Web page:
For the last three years, IT Project Manager Jodi Alempijevic has been a mobile worker for Motorola Inc. - mobile in the sense of working on various projects from home, or from satellite offices or at the company's Schaumburg headquarters.
She estimates it has saved her about 55 hours a month commuting, as well as $1,000 a month on gasoline, extra clothes, dry cleaning bills and eating out. It's even lowered her cholesterol about 70 points, she says.
"Another co-worker who lives near me went into the office (Tuesday) and because of the snow her commute was two hours," Alempijevic said. "She had an in-person meeting in Schaumburg. Well, that would have been my commute. Instead, I saved about three to four hours of commuting and I didn't skip a beat."
Chicagoan Alempijevic is part of a growing culture among companies with work-at-home policies that embrace new technologies and attitudes.
As crowded and icy road conditions caused many people to seek at-home alternatives to rush-hour travel Tuesday, experts said that telecommuters - virtual or mobile workers - are becoming more common with the help of the Internet and newer technologies that make it easier, more efficient and more affordable.
Companies also are developing various types of policies for short-term, long-term or even permanent roles for the off-site worker.
More than two-thirds - 69 percent - of executives polled in 2008 said it is common for their companies' employees to work off-site. Also 82 percent of managers said they expect the number of employees who work remotely to increase in the next five years, according to a survey by OfficeTeam, a division of Robert Half International. The survey is based on telephone interviews with 150 senior executives from the largest companies nationwide.
Companies that offer some type of work-at-home policy allow employees to become more productive and with less stress, said Sara Knox of Hoffman Estates, a Robert Half International regional vice president.
"Even with this snowstorm, by the time people get to work, they're so stressed out that it takes them longer to get back in the groove," said Knox. "The bad weather can make people upset about the driving conditions and their lost time from work."
Companies also are finding that they can have people all over and accomplish the same goals, said Anne Edmunds, Manpower regional director in Chicago.
"Some can even save on their bricks-and-mortar overhead," said Edmunds.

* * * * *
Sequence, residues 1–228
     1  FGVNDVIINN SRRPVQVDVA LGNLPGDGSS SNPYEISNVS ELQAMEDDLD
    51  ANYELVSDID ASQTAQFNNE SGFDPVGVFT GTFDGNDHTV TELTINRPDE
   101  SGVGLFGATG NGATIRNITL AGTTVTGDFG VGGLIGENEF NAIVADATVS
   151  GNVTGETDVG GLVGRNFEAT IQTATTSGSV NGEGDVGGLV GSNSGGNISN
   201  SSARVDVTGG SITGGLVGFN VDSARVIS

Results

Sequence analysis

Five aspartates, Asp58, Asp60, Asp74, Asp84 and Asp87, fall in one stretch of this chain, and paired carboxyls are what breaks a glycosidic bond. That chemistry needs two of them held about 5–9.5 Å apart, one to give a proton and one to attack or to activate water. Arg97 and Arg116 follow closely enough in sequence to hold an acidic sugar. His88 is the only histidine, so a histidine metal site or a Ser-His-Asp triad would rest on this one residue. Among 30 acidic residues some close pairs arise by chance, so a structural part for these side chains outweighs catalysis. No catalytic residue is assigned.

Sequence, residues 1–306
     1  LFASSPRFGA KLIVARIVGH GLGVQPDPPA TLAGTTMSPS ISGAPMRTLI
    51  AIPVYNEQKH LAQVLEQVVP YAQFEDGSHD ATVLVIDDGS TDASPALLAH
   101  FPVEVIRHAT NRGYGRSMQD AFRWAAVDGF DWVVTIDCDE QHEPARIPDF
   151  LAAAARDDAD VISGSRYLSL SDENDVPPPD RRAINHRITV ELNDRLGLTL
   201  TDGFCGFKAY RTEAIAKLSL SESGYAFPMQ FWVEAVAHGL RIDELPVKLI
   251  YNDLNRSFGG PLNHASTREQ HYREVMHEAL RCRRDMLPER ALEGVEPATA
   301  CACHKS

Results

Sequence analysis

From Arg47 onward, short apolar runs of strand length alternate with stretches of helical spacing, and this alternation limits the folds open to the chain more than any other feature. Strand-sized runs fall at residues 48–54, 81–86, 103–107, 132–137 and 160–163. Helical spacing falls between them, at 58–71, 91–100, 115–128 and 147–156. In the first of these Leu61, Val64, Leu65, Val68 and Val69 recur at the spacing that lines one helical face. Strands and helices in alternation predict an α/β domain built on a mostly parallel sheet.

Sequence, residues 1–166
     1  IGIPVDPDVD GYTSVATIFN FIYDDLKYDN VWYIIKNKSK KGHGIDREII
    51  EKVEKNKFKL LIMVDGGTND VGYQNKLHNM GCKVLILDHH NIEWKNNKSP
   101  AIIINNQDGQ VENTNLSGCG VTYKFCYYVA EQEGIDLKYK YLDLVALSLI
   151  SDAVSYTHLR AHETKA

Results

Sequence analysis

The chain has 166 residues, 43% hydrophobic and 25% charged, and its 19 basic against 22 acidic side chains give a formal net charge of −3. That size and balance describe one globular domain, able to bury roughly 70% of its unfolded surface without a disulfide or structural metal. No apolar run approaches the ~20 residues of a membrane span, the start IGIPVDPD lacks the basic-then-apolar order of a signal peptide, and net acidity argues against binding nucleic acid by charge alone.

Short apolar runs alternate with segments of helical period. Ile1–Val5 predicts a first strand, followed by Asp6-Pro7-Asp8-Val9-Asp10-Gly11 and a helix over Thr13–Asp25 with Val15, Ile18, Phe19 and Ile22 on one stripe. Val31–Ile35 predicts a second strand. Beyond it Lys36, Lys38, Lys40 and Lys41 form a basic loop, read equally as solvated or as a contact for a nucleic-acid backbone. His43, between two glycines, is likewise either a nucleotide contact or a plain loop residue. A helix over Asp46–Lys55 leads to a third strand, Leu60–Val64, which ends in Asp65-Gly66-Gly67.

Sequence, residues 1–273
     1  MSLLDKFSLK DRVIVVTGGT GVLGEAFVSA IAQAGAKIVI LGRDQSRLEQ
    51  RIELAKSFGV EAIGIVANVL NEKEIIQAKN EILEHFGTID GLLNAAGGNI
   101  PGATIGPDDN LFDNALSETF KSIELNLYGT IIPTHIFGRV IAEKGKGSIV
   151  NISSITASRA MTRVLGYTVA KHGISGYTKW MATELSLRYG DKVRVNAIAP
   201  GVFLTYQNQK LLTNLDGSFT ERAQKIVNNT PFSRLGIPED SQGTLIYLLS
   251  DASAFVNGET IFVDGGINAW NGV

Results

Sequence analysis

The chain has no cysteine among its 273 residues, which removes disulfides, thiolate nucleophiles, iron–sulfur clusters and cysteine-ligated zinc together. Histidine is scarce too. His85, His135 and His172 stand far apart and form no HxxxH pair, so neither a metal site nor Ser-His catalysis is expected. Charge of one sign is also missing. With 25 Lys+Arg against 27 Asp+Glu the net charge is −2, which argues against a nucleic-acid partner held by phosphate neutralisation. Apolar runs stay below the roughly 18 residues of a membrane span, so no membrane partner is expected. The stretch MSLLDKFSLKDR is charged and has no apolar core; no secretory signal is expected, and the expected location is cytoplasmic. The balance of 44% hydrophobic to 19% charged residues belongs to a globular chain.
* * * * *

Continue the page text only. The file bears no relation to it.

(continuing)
Working at home, or at another location, could be for one day because of bad weather like this week, or longer-term due to a medical recovery. In many cases, it could be a permanent arrangement, depending on the type of work, experts said.
Aon Consulting's 2009 Benefits and Talent Survey found that more organizations are turning to virtual worker programs to reduce people and infrastructure costs, Chad Thompson, Aon senior consultant, said while working in Seattle although he's based in Detroit and travels widely.
The survey showed organizations are reducing operating costs by adapting to the changing work styles of employees. Thirty-one percent of responding organizations are including virtual work forces, also known as remote work force and telework programs. About 44 percent plan to add additional remote workers in the coming year. In addition to real estate and tax incentive savings, respondents also cited several other benefits to hosting a remote work force, including increased productivity and performance; increased employee engagement; decreased turnover and job withdrawal; and increased social responsibility, Thompson said.
"This shows that working remotely is growing and isn't going away," he said.
The Society for Human Resource Management's 2009 Employee Benefits Survey found that 45 percent of surveyed employers offer telecommuting on an ad hoc basis as a benefit. About 34 percent offer telecommuting on a part-time basis and 19 percent offer telecommuting on a full-time basis as a benefit.
Such flexibility in work-at-home programs are being used in recruiting and retaining employees. While larger companies led the way with such policies or programs, smaller companies are jumping on board, said Terry Perry, principal of San Francisco-based Pink Slip, a benefits, health, wellness and outplacement service. She's also a member of the Society for Human Resource Management's Total Rewards Expert Panel.
"This allows smaller businesses, who couldn't compete otherwise, to allow workers the flexibility to get the job done," Perry said.
But working away from the mother ship isn't always the best course, Perry added.
"There is a bit of lonesomeness associated with working at home," she said. "You'll miss those brief moments with friends and relationships with co-workers don't develop."
That interaction is important on many jobs, such as retail, health care and education, experts said.
That loss of interaction is a major component to working, said Brad Karsh, president of Chicago-based JobBound.com.
"Flexibility is good, but you lose that face time," Karsh said about face-to-face meetings. "There's also that perception that you're missing out of the informal chatter of the day. If there's an impromptu meeting, they may not call and include you."